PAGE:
Perspectives on dermoscopy

A dark mole with a woolly border

Steven Kossard



The woolly border seen on dermoscopy of blue naevi is due to the presence of deeply pigmented spindle melanocytes blending with the surrounding skin within the dermis.

Article Extract

Case presentation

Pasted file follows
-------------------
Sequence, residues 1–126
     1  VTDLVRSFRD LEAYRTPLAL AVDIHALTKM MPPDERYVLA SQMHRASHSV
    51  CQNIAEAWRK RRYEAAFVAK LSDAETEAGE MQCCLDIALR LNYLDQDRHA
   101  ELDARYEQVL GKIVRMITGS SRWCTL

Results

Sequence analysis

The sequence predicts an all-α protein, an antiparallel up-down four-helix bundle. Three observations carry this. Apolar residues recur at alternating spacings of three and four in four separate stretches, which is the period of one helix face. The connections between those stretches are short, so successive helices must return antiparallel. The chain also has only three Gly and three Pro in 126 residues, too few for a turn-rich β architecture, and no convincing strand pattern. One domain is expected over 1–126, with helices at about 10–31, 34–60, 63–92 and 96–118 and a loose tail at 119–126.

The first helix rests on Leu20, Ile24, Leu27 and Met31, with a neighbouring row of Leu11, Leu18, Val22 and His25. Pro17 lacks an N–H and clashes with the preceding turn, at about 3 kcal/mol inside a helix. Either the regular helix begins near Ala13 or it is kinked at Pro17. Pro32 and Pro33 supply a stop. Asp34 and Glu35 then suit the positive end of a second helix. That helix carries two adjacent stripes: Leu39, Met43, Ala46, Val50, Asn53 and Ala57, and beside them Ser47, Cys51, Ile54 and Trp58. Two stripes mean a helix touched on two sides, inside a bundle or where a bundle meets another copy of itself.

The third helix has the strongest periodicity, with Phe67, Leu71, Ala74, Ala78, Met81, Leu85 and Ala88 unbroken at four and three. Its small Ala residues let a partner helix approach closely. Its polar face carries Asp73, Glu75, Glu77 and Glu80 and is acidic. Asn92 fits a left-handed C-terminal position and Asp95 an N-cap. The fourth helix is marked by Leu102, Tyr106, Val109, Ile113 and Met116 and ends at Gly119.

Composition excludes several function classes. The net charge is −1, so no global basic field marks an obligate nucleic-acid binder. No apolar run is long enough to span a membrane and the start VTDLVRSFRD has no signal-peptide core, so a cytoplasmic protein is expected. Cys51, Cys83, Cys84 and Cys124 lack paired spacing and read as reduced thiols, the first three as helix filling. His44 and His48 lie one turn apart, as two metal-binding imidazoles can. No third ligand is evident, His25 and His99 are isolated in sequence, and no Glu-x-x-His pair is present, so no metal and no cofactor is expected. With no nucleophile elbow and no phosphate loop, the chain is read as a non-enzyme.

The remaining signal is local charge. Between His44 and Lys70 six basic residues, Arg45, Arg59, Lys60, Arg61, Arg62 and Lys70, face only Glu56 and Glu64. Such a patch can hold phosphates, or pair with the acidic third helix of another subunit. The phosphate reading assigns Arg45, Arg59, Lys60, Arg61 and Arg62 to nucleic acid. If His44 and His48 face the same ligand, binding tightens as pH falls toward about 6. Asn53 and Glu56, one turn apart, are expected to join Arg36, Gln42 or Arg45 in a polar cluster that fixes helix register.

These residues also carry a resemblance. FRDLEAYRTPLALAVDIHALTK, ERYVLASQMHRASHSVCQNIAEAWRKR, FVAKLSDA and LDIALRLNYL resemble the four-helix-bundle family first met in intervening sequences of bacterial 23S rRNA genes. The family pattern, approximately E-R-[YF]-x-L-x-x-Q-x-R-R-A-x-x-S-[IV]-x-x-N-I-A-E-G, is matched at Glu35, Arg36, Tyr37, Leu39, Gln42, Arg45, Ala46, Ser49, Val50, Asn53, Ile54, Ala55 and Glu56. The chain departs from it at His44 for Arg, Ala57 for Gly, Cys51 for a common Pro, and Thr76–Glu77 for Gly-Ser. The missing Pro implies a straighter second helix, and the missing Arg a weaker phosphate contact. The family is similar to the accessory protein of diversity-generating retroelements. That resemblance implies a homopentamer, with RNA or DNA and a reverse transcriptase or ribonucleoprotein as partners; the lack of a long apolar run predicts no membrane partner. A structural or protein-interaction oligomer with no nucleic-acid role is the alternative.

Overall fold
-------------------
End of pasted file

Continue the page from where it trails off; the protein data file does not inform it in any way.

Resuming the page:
An 18-year-old man noticed a dark mole on his upper back (Figure 1), six months prior to consultation. He felt that the intensely pigmented mole (measuring 5 mm in diameter) had grown slowly in the interval. Dermoscopy revealed a symmetrical mole which had a homogeneous, structureless blue–black component in its centre, surrounded by a woolly border. The latter consisted of fine trails of blue–black pigment that were partially obscured by a light veil (Figure 2). Excision biopsy revealed a dermal infiltrate of deeply pigmented spindle-shaped melanocytes, which extended into the surrounding dermis but lacked nuclear atypia or mitoses (Figure 3).